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When running a laboratory test and using chromatographical methods, technicians need precision and timeliness to get the job done on time. No matter the kind of work scientists do in their lab, they must run an effective business to stay operational. This means using the highest quality tools and matching them to the right jobs. If you are wondering which chromatography type to use, these are the advantages of HPLC over gas chromatography.

Chromatography Basics

Liquid and gas chromatography operate by similar principles but with varying results. Chromatography itself is the process of separating the parts of a mixture by passing it through a liquid solution or gaseous column. Detection devices measure the separated mixture and translate it into readable data for technicians.

The Chromatography Process

Chromatography is an incredibly helpful analytical chemistry tool used to detect everything from pesticides in organic items to odors in aromatic products. The chromatography process begins with the mixture itself. Whether the scientists measure a liquid or gaseous mixture, they take the sample and dissolve it in the mobile phase. Then, the mobile phase carries the sample through the stationary phase, causing the segmentation necessary to measure and detect the individual parts.

The mobile phase is the liquid or gaseous substance that moves the sample through the system. The stationary phase is the solid or liquid that separates the sample as the mobile phase carries it through. Based on a series of molecular properties, these two phases work together to separate the sample’s individual parts, creating a layered effect that makes analysis possible.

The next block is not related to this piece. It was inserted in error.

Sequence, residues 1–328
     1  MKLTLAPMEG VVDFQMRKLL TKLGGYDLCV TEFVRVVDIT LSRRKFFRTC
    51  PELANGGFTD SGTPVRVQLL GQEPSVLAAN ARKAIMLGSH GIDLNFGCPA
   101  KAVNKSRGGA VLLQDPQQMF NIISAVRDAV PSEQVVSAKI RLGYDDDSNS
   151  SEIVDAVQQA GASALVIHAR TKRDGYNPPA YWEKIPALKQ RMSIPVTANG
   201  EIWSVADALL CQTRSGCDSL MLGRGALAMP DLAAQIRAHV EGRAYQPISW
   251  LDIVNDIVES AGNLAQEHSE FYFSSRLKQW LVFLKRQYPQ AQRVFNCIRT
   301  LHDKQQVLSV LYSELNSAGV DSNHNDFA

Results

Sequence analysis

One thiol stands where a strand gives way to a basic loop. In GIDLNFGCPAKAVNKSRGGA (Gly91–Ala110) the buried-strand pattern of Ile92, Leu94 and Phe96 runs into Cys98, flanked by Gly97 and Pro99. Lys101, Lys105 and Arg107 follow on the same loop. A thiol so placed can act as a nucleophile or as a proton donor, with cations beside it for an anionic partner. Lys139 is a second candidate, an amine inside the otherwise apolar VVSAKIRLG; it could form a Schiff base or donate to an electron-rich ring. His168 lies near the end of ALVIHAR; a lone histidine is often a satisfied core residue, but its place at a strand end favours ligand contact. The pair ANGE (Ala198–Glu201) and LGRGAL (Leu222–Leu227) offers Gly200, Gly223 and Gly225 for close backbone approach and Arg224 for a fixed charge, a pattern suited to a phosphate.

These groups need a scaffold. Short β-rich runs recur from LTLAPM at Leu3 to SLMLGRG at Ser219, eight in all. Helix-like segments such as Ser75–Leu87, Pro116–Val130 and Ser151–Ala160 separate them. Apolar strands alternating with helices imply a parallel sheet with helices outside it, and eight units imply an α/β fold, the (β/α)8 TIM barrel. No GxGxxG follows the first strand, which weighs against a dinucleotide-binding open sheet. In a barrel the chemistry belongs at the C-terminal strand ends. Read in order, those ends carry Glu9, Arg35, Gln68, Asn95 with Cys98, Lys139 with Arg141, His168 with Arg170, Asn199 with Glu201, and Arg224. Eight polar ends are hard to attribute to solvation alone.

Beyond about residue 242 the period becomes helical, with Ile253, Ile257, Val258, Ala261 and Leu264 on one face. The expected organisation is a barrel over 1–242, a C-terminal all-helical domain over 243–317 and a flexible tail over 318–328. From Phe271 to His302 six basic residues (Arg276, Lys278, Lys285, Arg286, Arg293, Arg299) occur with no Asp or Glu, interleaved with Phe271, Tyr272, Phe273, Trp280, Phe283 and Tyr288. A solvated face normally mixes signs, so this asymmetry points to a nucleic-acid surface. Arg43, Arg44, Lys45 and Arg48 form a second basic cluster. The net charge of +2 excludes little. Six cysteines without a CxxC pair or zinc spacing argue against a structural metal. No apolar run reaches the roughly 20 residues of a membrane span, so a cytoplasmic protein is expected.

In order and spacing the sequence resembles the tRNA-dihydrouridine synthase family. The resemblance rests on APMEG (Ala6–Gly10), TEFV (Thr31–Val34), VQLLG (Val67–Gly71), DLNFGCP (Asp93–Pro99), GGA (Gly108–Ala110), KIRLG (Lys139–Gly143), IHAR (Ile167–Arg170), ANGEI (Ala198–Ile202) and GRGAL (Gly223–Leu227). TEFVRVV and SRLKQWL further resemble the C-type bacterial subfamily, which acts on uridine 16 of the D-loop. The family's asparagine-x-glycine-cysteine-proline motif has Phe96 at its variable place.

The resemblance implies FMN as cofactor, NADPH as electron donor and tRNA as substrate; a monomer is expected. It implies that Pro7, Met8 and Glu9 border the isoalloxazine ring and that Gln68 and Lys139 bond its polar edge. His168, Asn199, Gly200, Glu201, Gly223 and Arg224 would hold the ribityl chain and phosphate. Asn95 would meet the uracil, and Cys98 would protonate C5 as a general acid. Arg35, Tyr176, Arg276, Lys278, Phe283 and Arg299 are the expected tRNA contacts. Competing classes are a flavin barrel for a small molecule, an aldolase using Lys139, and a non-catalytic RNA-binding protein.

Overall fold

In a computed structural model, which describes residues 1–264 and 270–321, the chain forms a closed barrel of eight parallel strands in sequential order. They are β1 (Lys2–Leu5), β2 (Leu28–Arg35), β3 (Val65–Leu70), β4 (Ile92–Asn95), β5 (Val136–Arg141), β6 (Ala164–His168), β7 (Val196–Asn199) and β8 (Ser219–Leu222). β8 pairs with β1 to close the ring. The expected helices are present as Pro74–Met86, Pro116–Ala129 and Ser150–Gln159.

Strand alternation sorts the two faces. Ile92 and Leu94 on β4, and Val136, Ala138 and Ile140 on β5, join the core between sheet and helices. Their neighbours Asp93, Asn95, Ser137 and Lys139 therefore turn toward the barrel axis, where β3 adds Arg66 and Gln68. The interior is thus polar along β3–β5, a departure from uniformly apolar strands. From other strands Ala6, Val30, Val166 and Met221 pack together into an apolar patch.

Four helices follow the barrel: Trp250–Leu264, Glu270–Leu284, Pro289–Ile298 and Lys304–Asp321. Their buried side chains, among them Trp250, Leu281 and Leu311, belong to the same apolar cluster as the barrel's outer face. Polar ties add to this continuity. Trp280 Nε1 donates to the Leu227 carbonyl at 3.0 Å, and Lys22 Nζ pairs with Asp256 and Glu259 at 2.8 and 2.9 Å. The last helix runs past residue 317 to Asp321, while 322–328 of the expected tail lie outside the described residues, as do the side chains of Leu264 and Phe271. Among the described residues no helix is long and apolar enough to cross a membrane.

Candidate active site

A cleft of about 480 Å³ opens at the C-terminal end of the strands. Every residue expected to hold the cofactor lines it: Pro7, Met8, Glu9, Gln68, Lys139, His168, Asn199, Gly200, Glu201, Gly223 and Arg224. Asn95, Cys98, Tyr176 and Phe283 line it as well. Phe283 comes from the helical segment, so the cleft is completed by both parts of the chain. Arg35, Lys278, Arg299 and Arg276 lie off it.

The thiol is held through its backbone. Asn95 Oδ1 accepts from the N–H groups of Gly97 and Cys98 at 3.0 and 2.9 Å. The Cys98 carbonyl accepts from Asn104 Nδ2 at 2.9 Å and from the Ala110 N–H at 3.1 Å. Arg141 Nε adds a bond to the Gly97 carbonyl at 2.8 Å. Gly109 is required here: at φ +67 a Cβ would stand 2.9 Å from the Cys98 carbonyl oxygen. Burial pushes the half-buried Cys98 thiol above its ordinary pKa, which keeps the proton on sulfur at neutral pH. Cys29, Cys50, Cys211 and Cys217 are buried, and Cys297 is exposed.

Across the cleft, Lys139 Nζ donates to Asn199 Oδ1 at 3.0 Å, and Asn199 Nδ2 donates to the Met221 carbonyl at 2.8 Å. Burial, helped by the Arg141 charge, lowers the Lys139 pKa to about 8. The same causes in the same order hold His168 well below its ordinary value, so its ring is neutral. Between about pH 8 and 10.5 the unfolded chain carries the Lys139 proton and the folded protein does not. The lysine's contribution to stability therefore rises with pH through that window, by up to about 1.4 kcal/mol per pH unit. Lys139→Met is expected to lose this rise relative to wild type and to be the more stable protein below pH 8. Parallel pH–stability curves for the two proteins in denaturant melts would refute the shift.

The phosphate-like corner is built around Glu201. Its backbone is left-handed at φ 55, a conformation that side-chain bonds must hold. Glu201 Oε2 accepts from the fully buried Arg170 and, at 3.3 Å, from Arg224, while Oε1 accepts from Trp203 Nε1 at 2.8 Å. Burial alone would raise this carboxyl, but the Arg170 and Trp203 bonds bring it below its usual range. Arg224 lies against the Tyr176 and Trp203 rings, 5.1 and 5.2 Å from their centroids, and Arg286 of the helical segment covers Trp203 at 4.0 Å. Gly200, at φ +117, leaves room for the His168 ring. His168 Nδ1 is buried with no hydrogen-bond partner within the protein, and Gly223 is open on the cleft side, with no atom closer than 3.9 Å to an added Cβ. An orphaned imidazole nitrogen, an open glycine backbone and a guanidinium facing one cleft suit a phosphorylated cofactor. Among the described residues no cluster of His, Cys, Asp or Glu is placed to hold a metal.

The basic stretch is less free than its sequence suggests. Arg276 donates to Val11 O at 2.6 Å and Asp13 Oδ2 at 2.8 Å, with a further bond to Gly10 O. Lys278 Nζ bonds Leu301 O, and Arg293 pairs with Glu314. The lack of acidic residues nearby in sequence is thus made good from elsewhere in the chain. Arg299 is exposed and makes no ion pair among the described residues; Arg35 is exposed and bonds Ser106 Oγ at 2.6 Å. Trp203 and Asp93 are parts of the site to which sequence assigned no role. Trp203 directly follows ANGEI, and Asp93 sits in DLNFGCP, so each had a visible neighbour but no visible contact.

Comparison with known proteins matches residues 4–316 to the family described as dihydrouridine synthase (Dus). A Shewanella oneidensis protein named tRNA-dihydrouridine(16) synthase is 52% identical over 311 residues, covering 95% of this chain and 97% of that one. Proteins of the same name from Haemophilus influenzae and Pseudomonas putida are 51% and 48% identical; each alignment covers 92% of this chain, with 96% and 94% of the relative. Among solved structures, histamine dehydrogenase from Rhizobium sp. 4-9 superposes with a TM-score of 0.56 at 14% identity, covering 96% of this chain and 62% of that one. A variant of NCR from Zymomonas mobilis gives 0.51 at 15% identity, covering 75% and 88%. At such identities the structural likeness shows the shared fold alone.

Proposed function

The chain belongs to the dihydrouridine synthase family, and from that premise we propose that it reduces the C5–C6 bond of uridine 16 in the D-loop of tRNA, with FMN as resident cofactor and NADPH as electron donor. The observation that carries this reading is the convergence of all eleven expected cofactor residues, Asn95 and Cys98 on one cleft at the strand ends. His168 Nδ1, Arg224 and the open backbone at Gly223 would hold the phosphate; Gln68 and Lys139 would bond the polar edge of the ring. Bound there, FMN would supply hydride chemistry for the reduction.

Ink Chromatography—A Quick Example

Take the classic example of analyzing pen ink with chromatographical methods. Draw a small ink dot on the end of a piece of filter paper. Then, insert the inked paper into a beaker with a thin layer of solvent at the bottom. In this scenario, the ink dot is the sample, the solvent is the mobile phase, and the filter paper is the stationary phase. The filter paper absorbs the liquid solvent, wicking it up toward the top by capillary action.

As the solvent reaches the ink dot, it interacts with the ink liquid and takes it along for the ride. However, the ink separates into its various colors. Black ink may split into blues, yellows, and pinks that work together to make the original black color. Each pigment moves at a different pace due to its attraction to the mobile phase. The resulting variegation allows observers to note the base pigments that compose the one color.

Liquids and Gasses

Though paper chromatography is an excellent example of how liquid chromatography works in general, it is not the only way. Liquid chromatography relies on pressure and molecular attraction to pull samples through the mobile phase. It is an effective way to spread out a sample and analyze its components. Much like the ink chromatography example, liquid chromatography takes any liquid sample and pulls it through the stationary phase to determine its composite parts. A photoelectric sensor analyzes the separations and charts them for technicians to read.